Slapped with a ban

Slapped with a ban

I work at a pub and after work I usually stop for a cheeky pint or two with the locals after hours.

Unfortunately, I fell out with one of them and gave him a slap. I think he grassed me up to the Police because as I hopped on my bike to leave the car park, a police car blocked my path.

I got nicked for drink-driving as I blew 130 micrograms in the car park – and that’s the point; I never made it to the road. If I had done, I reckon they would have had me bang to rights, but they mucked up. My defence is that I was on private property, not a public road.

What do you reckon?

Answer

A level of 130 micrograms puts you in the highest bracket of the Magistrates’ Sentencing Guidelines. If found guilty, the starting point for the Court is sentencing you to 12 weeks’ custody, a driving disqualification of 29-36 months, plus costs and a fine.

There is well established law on this point. In simple terms, if the car park is a ‘public place’ and you’re riding across it, you’re drink driving.

Don’t waste the Court’s time and annoy them running this as a defence; put your hands up and try to get the most lenient sentence possible. As you could get banged up, you may qualify for Legal Aid. If not, spend some money on legal representation. It may prevent a holiday at Her Majesty’s Pleasure.

Andrew ‘Chef’ Prendergast

On 2 Wheels June 2019

Disclaimer: The legal advice and statements contained within this/these articles is correct at the time of printing. If you are seeking legal advice after a motorbike accident please contact us to speak directly with one of our lawyers.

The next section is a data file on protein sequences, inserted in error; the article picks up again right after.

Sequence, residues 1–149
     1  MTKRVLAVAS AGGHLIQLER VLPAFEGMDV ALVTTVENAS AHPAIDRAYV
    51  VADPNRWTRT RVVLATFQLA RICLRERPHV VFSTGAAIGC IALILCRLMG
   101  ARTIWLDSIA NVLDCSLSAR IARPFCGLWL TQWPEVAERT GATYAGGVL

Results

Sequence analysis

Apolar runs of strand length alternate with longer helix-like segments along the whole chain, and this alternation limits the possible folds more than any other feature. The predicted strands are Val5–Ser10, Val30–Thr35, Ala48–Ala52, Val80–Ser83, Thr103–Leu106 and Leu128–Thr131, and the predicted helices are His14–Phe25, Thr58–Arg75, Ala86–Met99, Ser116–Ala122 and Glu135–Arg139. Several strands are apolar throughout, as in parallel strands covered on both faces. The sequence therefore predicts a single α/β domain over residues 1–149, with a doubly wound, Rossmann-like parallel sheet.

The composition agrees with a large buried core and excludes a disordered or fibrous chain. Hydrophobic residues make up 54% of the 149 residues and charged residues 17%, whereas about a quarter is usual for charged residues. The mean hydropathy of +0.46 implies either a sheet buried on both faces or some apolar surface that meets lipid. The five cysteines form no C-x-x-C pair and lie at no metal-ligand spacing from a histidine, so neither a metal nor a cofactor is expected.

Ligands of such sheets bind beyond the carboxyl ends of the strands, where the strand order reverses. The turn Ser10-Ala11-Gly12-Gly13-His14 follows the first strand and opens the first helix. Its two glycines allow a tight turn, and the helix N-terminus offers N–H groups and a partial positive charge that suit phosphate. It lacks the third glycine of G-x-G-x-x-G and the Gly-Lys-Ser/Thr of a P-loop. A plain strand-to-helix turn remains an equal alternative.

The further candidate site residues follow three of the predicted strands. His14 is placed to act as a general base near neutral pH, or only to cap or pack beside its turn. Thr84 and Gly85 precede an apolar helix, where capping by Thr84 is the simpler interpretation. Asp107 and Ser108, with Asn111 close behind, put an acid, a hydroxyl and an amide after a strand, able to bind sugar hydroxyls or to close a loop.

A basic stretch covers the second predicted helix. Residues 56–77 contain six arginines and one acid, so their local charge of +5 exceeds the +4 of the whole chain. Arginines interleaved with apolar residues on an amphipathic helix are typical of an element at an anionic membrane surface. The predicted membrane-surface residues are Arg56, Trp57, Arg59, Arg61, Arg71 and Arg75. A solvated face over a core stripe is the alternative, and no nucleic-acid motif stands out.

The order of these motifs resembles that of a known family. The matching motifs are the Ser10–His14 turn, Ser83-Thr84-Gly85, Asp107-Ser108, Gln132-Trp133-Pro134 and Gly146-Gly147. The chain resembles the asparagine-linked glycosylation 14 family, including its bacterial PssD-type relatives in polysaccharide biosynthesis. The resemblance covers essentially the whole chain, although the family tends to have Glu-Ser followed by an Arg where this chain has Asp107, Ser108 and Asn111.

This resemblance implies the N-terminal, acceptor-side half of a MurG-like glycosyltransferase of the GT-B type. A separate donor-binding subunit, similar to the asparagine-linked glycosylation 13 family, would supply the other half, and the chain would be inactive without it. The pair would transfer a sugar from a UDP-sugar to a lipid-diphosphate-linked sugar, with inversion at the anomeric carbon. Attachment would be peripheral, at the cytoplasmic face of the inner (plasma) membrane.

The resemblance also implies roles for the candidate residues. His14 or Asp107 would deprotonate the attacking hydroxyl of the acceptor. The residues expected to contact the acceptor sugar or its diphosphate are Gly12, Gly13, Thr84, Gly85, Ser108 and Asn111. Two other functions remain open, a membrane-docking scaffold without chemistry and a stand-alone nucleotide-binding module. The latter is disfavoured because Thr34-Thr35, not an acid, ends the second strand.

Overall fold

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Posted by Andrew Prendergast. Last modified: June 3, 2019 at 9:12 am

Andrew has been riding motorcycles since he was 10 years old and currently rides a ZZR1400 as his daily commuter whether it is sunny or snowing. In addition, he is currently restoring an old Honda CB750 K1. Andrew practices across all areas of motorcycle law, with his practice involving both civil claims and motoring defence work.

About On 2 Wheels

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The O2W legal column is compiled by managing partner Andrew ‘Chef’ Prendergast and his bike-riding barristers and solicitors at White Dalton Motorcycle Solicitors.

The firm deals with personal injury claims and its sister company, Motor Defence Solicitors, deals with motoring offences.

White Dalton lawyers have a vast knowledge of bike law - and they have full bike licences, too. They don’t act for insurance companies or the prosecution.

White Dalton is Britain’s premier specialist motorcycle law practice, and if its professionals don’t know the answer to your question, there probably isn’t one. Don’t rely on the advice from your insurance-appointed solicitor – get proper independent advice.

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